Swift’s lyrics have always held hints of “mature themes,” but “Trouble” was the first real, visual indicator from her end that things were ever that adult. Sure, the video’s treatment is extreme, but of course, all of her videos and frankly lyrics, have that element of “all or nothing.” If Taylor Swift does a dubstep grunge-themed kiss-off, then there will be so many strobe shots, tattooed dudes, and dyed hair. The maturity that laid the song’s groundwork was then being mirrored in her slightly more daring, princess-eschewing public appearances — even as her Instagram betrayed none of that same evolution. Twee Taylor uploaded photos and lived her day-to-day; “Trouble” Taylor, once unleashed, took on the red carpet and bided her time.

Rounding out the videos, “Red” and “The Last Time” are again tour diaries. Is this what’s going to end up happening to, say, “New Romantics” off of…


…the one, the only, 1989? This era of Taylor has turned friendship, courtship, and self-awareness into a phenomenon, perhaps best catalogued by the memorable addition of a Tumblr to her social media presence, her much glossier Instagram game, and her new go-to ensemble in the crop top, which has had a resurgence since she started stepping out in ensembles like these. (Aside: When will she be signed to a big fashion campaign? It’s really only a matter of time, or perhaps money.)

Taylor: Gone are the lo-fi, “regular” photos of tours and albums past; now she’s hanging with all-celeb crews (or to borrow a term she did not even remotely coin but admittedly did popularize, “squad”), all the time, even with people she’d never be affiliated with if it weren’t for their ascendent popularity (or even descendent popularity). Her cowboy boots gather dust, until she decides to bring her image down to earth.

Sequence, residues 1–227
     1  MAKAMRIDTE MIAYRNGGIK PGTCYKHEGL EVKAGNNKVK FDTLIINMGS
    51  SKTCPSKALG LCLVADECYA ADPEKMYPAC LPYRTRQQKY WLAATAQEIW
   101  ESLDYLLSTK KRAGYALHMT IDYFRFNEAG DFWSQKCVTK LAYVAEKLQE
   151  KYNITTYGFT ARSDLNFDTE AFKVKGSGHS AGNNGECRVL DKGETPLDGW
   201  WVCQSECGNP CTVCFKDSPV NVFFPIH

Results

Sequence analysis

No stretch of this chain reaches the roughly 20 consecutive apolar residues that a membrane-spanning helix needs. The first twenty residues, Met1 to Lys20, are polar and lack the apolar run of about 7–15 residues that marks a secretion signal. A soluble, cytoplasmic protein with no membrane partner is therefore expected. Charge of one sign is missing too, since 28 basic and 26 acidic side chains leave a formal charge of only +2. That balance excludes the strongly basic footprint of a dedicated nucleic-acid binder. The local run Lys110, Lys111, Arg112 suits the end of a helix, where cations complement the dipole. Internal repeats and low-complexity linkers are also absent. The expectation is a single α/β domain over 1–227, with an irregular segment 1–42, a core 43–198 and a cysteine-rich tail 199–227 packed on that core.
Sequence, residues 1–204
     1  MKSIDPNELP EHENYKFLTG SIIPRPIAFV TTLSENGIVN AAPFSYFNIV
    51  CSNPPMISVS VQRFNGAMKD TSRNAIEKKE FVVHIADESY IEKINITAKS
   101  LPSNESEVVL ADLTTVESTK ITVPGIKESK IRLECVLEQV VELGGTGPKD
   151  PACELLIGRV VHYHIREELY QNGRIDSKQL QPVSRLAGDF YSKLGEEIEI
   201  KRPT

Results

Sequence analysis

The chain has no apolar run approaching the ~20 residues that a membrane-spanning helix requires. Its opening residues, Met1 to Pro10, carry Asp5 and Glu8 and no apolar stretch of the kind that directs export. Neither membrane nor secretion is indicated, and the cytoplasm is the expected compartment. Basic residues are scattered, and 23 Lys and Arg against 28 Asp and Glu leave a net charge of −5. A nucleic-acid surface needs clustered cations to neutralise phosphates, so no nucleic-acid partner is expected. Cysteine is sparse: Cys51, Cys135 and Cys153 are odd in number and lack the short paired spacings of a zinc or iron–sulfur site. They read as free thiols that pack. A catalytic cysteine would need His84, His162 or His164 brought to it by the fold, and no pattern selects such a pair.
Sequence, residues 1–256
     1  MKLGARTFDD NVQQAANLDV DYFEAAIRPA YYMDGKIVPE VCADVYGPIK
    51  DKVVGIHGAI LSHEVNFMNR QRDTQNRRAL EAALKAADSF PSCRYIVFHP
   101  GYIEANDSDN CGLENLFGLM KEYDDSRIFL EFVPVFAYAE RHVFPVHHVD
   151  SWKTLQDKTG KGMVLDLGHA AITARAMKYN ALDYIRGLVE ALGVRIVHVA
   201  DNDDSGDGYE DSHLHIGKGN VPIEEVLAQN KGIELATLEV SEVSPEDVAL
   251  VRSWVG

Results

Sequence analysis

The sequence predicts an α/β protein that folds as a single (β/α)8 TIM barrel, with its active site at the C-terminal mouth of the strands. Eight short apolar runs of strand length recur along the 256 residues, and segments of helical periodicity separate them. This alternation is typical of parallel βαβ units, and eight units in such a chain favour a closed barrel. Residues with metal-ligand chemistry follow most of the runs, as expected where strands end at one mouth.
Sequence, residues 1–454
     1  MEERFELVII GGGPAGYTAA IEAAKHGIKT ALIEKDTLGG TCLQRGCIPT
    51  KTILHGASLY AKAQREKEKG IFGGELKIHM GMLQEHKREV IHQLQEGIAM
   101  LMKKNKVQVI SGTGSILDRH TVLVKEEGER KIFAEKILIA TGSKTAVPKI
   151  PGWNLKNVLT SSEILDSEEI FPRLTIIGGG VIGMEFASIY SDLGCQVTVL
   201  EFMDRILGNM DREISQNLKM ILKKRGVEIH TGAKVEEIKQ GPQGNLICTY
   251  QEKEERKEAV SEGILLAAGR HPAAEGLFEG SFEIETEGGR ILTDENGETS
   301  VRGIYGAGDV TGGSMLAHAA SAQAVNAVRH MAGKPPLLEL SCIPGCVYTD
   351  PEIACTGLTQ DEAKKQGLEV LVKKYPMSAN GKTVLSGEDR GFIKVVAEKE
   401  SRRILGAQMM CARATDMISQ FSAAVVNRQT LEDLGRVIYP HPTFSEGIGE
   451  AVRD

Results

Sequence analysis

As her ‘gram fills up with more curated photos, her music videos take on the final coat of polish that the Red ones hinted at needing. “Shake It Off” and “Blank Space” are master showcases of new Taylor, with the latter even being downright admirable in its appeal to reframe the way we talk about women, including Swift herself, as the unstable elements in heterosexual relationships. (Of course, this feminist envisioning and awakening is not without its capital gains; when was the last time you saw a credit card-sponsored music video?)

Style” is the spiritual continuation of “Trouble,” and will in turn be succeeded by Swift’s forthcoming “Wildest Dreams” video; all of these videos are caricatures of certain ideas and moods, but they’re pushing the boundaries of Swift’s sexiness quotient (one that was weirdly unmoved by her lingerie-clad Victoria’s Secret encore). Yet the biggest sexiness caricature, and Swift’s boldest move to stake her sexuality, is “Bad Blood,” an unholy combination of a weak track, a diss track, a video concept that was blown out but underdeveloped, and also the second rap collaboration of Swift’s career. (Lest we forget this gem.)

“Bad Blood” is the biggest video to come out of 1989, and the irony is enormous: That arguably the album’s worst tune has somehow been recast into a nouveau femme fatale sisterhood fairytale, the very sort of thing that younger Swift would’ve cocked an eyebrow at. But one look at the video and you’ll see this is perhaps where Swift’s been aiming all along. She has the friends; she has the man; she has the clothes; she holds the cards, not just for her own career but for those of her “squad’s.” (To say nothing of her relationship to mainstream media.)

Is there a greater tastemaker in big budget, traditional pop right now? Arguably, no — and more so than ever before, even when she had been in the same position, Swift looks the part.

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(Images via Instagram.)